Opinion

Campus censorship, chilled speech and ‘Unlearning Liberty’

Photo of Greg Lukianoff
Greg Lukianoff
President, FIRE

Looking for a challenging debate that includes an abundance of diverse opinions? If so, going to college isn’t your best bet. On today’s college and university campuses, students are repeatedly being punished for expressing the “wrong” opinion on just about any controversial topic.

At the Foundation for Individual Rights in Education (FIRE), we’ve won battle after battle against schools that restrict student speech, yet campus censorship continues to flourish. Our 2012 Spotlight on Speech Codes report found that 65% of the 392 top colleges we examined maintained unconstitutional speech codes and other restrictions on student expression.

Perhaps college administrators simply don’t have time to read through the many cases FIRE has won or the many rulings the Supreme Court has issued upholding free speech. Or perhaps they don’t understand the crippling effect that silencing student speech has on a school’s ability to produce independent thinkers. So we put together a video that quite literally illustrates — complete with easy-to-follow cartoons — the problems with censorship on campus.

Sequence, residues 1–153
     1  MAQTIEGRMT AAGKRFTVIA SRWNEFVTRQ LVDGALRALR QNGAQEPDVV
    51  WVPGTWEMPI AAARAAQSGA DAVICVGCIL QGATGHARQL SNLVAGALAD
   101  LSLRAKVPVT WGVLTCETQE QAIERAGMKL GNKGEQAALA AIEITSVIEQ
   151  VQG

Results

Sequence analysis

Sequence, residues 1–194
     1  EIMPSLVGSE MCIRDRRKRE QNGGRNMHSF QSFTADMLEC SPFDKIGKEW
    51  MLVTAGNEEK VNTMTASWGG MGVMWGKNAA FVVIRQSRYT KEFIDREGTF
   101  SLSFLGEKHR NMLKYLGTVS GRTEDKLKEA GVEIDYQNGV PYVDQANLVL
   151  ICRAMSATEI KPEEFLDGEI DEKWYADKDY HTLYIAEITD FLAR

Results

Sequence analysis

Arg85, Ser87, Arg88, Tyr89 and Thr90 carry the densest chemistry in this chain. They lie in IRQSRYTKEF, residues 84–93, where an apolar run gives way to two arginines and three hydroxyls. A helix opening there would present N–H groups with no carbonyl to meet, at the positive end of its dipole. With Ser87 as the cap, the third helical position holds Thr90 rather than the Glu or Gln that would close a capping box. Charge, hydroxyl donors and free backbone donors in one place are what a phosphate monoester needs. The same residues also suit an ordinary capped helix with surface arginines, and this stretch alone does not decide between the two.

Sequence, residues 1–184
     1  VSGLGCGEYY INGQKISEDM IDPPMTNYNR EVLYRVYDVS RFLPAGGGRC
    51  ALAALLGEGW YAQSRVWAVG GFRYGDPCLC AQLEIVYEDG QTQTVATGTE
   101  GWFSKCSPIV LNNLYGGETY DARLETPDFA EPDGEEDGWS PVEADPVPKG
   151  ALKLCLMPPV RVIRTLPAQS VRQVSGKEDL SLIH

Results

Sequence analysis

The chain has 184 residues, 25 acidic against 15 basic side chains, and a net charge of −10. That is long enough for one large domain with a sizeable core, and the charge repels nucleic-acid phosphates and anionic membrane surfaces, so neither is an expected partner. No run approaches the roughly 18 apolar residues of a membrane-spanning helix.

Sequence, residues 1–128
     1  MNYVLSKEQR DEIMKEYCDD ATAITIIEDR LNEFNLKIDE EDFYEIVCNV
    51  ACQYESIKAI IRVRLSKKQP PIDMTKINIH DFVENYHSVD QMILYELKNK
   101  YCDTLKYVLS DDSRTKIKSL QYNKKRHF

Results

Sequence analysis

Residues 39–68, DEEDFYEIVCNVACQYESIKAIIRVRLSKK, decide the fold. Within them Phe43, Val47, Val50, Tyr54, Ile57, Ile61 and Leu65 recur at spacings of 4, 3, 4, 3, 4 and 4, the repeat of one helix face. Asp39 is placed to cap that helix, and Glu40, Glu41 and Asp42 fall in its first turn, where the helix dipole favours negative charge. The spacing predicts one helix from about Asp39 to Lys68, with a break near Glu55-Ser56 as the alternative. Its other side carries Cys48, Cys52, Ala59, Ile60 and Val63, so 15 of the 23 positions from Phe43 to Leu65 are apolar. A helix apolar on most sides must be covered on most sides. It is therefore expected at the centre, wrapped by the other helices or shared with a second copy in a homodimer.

My new book, Unlearning Liberty: Campus Censorship and the End of American Debate (all royalties go to FIRE), further explores the consequences of preventing students from engaging in open debate and discussion. In it, I explain how colleges that censor speech encourage groupthink and produce students who believe that there are “right” and “wrong” opinions on hot-button issues — and that it is correct to discipline those who hold the “wrong” opinions.

This problem of chilled speech on campus is more than speculation. In a 2010 study of over 24,000 college students, the Association of American Colleges and Universities found that only 30.3% of college seniors strongly agreed that it was “safe to hold unpopular positions on campus.” When these seniors graduate and enter the larger society, they bring with them the understanding that questioning prevailing beliefs is neither safe nor wise. Even worse, only 16.7% of professors and 18.8% of campus professionals (a category that includes professors as well as administrators) strongly agreed that their campuses were safe for unpopular views.

When you look back on human progress, the presence of skeptical, questioning minds can be seen at virtually every turn. Shouldn’t colleges be in the business of producing minds like these? Or have our educators decided to abandon the pursuit of progress in favor of the pursuit of conformity?

Greg Lukianoff is an attorney and the president of the Foundation for Individual Rights in Education.